The Coast legislative delegation has just weeks to come together with a plan to snare most of the money from a BP economic damages settlement. And, they’re not that close yet.
That was apparent at the Mississippi Gulf Coast Chamber of Commerce’s annual Pre-Legislative Briefing, where six members of the delegation who are either chairmen or vice-chairmen of committees were questioned about five priorities: BP, budget and appropriations, education, public safety and infrastructure.
Rep. Sonya Williams-Barnes, D-Gulfport, the leader of the Black Caucus, said discussions about BP money haven’t been inclusive.
“Our delegation has not come together as a whole,” she said. “I have missed out. I asked where we’re going to meet, about how we’re going to bring up BP. And, no response. It is going to take all of us and I am actually now in a position, being the chair of the Mississippi Legislative Black Caucus, that we could possibly work out something to put a little money in the Delta, I can almost assure we could get the votes we need to push this forward. It’s going to take all of us collectively to work together.
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“This is not a party issue. This is a Gulf Coast issue. It’s very very imperative that we all work together. That we’re all included in the conversation.”
Last year, Sen. Brice Wiggins proposed putting the bulk of the $750 million settlement in a Restoration Reserve Fund and spending it on the Coast. Wiggins’ bill sailed through the Senate on a unanimous vote but stalled in the House Appropriations Committee.
That was the first BP question from the moderator District Attorney Joel Smith: What happened?
“I would have liked to see something come out of out committee last year,” said Rep. Scott DeLano, R-Biloxi. “I would have liked to have seen a vote on the House floor. I know you wanted that. We all wanted that. We all wanted that BP money to come to the Coast.
“But we didn’t have the votes to do that. We had to be very careful because we know there’s going to be a bad fight and there’s going to be a lot of people from across the state want to take this money. We only have 11 Coast delegation House members out of 122. We have to have our ducks in a row. We have to really know how we’re going to win this. We can’t just go up there and say, ‘Look, this is my bill, pass this bill.’ We know that’s not going to work.”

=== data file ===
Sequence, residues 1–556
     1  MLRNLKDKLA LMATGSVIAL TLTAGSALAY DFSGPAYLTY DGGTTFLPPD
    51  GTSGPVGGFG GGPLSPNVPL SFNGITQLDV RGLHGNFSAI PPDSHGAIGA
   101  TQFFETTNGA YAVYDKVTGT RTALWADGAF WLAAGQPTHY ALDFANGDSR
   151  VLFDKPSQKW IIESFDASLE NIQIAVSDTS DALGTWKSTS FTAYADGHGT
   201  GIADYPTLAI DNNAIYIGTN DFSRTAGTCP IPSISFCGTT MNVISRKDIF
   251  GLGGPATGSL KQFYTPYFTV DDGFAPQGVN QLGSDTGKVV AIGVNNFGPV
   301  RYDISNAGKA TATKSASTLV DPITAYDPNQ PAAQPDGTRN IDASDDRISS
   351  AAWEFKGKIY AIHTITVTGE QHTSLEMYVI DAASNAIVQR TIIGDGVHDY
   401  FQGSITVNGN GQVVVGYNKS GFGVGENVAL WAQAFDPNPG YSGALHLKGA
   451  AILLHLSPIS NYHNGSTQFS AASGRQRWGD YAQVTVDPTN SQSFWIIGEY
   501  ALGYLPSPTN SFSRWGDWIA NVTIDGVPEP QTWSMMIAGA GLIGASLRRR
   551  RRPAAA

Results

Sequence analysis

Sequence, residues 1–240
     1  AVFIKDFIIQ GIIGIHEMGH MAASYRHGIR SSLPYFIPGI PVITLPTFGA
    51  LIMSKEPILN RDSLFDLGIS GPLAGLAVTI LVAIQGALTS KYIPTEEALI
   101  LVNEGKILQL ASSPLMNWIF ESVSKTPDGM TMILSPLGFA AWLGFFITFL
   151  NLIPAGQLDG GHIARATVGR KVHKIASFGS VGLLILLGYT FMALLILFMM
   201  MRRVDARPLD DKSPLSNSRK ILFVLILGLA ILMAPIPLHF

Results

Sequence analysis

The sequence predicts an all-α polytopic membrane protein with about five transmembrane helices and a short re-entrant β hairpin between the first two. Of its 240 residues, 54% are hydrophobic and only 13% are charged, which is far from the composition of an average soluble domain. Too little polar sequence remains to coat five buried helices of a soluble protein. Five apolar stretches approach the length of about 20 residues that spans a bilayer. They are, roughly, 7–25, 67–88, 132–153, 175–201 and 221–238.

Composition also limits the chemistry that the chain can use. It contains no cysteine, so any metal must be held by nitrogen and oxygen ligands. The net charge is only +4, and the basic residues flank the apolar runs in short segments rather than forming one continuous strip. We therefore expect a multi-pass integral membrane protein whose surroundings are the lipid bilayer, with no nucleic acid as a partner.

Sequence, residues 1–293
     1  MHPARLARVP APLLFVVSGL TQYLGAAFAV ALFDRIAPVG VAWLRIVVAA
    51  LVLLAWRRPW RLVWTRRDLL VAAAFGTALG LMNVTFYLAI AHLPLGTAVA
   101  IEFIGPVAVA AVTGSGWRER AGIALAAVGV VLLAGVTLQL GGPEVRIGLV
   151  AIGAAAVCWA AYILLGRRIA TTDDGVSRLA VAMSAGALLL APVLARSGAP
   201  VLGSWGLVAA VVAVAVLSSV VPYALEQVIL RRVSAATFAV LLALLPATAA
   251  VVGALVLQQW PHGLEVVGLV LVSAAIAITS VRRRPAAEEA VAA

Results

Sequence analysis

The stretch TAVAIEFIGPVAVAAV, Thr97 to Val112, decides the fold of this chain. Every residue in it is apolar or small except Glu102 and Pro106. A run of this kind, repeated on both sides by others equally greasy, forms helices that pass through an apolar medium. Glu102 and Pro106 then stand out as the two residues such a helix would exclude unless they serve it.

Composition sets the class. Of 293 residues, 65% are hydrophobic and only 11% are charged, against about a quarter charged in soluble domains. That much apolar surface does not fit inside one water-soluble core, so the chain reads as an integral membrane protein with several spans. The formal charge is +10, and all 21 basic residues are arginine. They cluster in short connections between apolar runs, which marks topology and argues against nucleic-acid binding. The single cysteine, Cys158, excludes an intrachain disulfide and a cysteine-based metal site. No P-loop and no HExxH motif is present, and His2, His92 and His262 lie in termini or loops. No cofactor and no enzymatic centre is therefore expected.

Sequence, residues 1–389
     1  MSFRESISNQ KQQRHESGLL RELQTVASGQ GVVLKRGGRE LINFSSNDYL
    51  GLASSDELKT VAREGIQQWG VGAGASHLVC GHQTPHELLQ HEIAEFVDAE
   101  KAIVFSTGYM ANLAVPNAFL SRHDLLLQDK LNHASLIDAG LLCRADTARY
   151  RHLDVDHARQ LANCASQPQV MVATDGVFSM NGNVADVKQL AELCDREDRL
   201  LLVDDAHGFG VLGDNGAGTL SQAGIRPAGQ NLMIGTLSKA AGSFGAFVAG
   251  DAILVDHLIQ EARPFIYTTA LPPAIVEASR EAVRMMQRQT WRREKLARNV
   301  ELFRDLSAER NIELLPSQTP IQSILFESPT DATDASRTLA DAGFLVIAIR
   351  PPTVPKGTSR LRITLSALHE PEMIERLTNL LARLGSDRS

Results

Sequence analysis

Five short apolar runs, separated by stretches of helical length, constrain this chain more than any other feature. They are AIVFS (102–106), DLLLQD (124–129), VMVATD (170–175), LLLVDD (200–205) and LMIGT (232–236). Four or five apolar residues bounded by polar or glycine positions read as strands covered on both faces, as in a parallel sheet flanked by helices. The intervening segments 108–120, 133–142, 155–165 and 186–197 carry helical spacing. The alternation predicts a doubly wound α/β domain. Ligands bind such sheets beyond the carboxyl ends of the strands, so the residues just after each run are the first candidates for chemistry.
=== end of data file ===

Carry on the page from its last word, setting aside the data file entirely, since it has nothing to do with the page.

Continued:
One thing the delegation seemed to agree on is that a crucial date for the bill is Jan. 10, the day of the popular Coast Legislative Reception. The reception is normally a low-key chance to chat and sample some of the best of Coast seafood. This year, the chamber and the delegation want to make that reception about talking to the rest of the state about the BP money.
“We’re asking you to stay overnight, staying over until Thursday morning,” said Chamber CEO Adele Lyons. “We plan to be in a place in the rotunda where it’s very obvious to the rest of the state that we are there. We have a banner in the back of the room; we’re asking you to sign that. We’ll take it to the Legislative Reception, to the Capitol.
“We need to make sure our voice is heard around the rest of the state — that we’re happy to have you come, have some gumbo, some oysters on us — but now it’s time for us to really make sure they actively and aggressively know what our message is.”
Lyons also asked the delegation to have that unified message to take to the Capitol.
“We’re asking that the legislative delegation give us one plan that we can all support and rally around to aggressively advocate for,” she said. “We’re counting on you to do that and you can count on us to aggressively support that.”